Status of Women in Canada
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Attack on women's groups reveals Harper's style
'Just shut up - that's been this government's style right from the start.' - NUPGE president James Clancy.
Ottawa (6 May 2010) - Conservative Senator Nancy Ruth's advice to Canadian women's groups to "just shut the [expletive] up" for fear of antagonizing the federal government stands as an indictment of Prime Minister Stephen Harper's entire approach to governing, says the National Union of Public and General Employees (NUPGE).
"Senator Ruth's comments are the clearest, sharpest description of Mr. Harper's governing style that I've ever heard," says NUPGE national president James Clancy. "If you have any disagreement with the Harper government, just shut up – that's been this government's style right from the start."
NUPGE has joined with women's groups across the country in criticizing the Harper government's G8 signature initiative on maternal health because it fails to provide funding for family planning, contraception and access to legal, safe abortions, all of which are vital elements of maternal health care.
The ongoing controversy over the government's treatment of women's organizations and issues sprang back into the news recently with its abrupt decision to end federal funding for 14 women's groups, including MATCH International, a non-governmental agency that has been funded by the Canadian International Development Agency (CIDA) for more than 30 years.
The action follows a series of other devastating cuts made by the Conservatives since 2006, including a 43% funding cut to women's advocacy groups and initiatives, the closing of 12 of 16 Status of Women offices across Canada and the elimination of funding for legal voices for women. The latter includes the National Association of Women and the Law and the Court Challenges Program.
Ruth's advice to women occurred at a meeting of international women's groups in Ottawa where she warned specifically against criticizing the maternal health initiative that Harper plans to use as a cornerstone issue at the G8 meeting hosted by Canada in June. The initiative specifically omits abortion as a maternal health option.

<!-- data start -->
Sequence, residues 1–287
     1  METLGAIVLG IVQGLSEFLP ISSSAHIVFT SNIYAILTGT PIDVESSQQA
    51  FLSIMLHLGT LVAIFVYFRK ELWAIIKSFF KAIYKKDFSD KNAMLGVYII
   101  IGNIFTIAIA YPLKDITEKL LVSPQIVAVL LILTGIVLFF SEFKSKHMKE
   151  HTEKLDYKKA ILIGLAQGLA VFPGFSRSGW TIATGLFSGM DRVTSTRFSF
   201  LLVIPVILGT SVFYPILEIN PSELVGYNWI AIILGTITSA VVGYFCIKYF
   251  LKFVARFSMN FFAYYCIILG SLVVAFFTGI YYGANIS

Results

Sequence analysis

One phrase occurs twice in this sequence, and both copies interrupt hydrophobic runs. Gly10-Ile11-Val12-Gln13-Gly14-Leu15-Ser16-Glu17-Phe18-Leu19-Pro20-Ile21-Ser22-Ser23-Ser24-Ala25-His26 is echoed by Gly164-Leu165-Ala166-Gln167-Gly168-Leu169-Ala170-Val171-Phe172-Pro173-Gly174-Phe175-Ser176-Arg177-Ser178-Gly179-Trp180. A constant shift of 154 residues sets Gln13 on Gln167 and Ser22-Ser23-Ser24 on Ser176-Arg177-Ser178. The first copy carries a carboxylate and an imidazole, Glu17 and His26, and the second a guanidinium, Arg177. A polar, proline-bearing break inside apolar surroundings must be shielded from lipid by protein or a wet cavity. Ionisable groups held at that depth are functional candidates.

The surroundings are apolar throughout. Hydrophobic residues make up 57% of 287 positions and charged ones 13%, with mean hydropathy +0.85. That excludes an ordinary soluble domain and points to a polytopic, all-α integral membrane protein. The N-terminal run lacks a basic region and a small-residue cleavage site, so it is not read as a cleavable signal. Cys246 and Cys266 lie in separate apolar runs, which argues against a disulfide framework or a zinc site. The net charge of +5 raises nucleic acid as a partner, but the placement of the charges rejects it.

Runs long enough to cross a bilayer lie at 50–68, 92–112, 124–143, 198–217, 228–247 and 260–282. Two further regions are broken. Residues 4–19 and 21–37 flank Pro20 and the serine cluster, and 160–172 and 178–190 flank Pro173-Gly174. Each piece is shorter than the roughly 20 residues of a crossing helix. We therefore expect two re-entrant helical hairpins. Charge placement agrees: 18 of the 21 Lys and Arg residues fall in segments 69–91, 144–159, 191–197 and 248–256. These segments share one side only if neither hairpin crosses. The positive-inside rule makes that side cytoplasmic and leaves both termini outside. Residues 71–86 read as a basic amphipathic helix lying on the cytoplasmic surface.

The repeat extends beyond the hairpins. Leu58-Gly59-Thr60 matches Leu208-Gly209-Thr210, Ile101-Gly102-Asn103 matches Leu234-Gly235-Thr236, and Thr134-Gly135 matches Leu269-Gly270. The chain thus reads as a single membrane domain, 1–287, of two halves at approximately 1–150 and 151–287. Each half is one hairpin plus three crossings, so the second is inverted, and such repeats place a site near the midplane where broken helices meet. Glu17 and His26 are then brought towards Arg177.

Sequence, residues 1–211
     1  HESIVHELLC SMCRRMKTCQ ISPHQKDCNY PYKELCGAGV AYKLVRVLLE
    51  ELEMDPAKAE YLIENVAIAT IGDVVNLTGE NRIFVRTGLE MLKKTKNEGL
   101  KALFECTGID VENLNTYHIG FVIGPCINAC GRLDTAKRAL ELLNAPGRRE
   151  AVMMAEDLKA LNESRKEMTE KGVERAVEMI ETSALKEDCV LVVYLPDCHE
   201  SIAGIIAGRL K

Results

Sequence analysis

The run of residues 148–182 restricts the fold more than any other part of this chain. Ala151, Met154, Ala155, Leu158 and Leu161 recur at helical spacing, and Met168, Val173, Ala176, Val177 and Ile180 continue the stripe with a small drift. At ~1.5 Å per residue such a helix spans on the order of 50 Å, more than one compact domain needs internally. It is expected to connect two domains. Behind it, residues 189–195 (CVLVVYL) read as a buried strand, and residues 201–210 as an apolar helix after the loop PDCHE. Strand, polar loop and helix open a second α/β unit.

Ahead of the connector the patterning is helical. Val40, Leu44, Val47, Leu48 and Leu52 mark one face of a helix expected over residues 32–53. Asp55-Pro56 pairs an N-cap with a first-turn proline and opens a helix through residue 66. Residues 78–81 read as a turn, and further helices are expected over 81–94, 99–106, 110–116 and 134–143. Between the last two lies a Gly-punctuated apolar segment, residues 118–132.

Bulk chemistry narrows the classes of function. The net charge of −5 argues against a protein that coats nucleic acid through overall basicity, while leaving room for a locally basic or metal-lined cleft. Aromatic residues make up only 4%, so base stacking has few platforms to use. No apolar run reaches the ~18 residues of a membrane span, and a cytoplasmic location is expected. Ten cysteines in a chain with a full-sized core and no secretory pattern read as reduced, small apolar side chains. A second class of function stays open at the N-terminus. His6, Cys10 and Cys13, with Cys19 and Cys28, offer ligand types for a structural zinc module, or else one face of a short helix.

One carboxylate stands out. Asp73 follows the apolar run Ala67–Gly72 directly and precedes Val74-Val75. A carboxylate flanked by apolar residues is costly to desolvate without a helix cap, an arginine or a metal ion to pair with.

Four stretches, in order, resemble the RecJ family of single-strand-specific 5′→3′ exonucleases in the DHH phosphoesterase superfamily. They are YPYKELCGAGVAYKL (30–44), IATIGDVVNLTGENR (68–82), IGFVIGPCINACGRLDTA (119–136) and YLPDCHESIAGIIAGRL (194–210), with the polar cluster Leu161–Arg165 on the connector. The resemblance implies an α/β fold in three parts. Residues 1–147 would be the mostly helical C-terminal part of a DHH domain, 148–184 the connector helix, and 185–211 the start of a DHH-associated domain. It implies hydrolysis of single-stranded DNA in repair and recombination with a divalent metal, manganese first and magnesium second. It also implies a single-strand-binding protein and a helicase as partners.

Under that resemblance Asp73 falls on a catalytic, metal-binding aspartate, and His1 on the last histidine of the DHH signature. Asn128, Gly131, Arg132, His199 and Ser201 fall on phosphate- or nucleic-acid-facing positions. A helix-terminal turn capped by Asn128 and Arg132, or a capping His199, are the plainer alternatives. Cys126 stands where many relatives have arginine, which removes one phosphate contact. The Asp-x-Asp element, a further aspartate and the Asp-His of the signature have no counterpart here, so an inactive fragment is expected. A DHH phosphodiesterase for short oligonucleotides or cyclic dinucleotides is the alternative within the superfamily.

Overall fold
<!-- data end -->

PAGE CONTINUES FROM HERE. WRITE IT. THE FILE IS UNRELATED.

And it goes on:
"We've got five weeks or whatever left until the G8 starts," Ruth was quoted following the meeting. "Shut up on this issue," she advised.
Canada is hosting both the G20 and the G8 international groups of world leaders at Huntsville, Ont., in June.
However, far from squelching the voices of Canadian women, her outburst is now having the opposite effect as women's groups across the country speak out against the government's anti-women policies.
The opposition parties have also taken up the issue in Parliament and others, including the Ad Hoc Coalition for Women's Equality and Human Rights, are voicing their criticisms.
“By defunding those women’s groups you are effectively silencing discussion . . . on women and women’s advocacy,” said Claire Tremblay, coordinator of the coalition, which represents about 30 organizations.
“Women’s groups are saying we are not going to be intimidated anymore, and this is the group that is being told to go to the back of the bus and shut up,” said NDP critic MP Irene Mathyssen.
Green Party Leader Elizabeth May added, "It’s like moving back to the Nixon era in a whole bunch of areas … it’s chilling to see Canada going backwards.”
“This is a culture of intimidation that has now been established by the Conservative Party,” added Liberal MP Bob Rae. “Canadians need to wake (up) to the fact that this is a government that has a problem with democracy..."
The National Union of Public and General Employees (NUPGE) is one of Canada's largest labour organizations with over 340,000 members. Our mission is to improve the lives of working families and to build a stronger Canada by ensuring our common wealth is used for the common good. NUPGE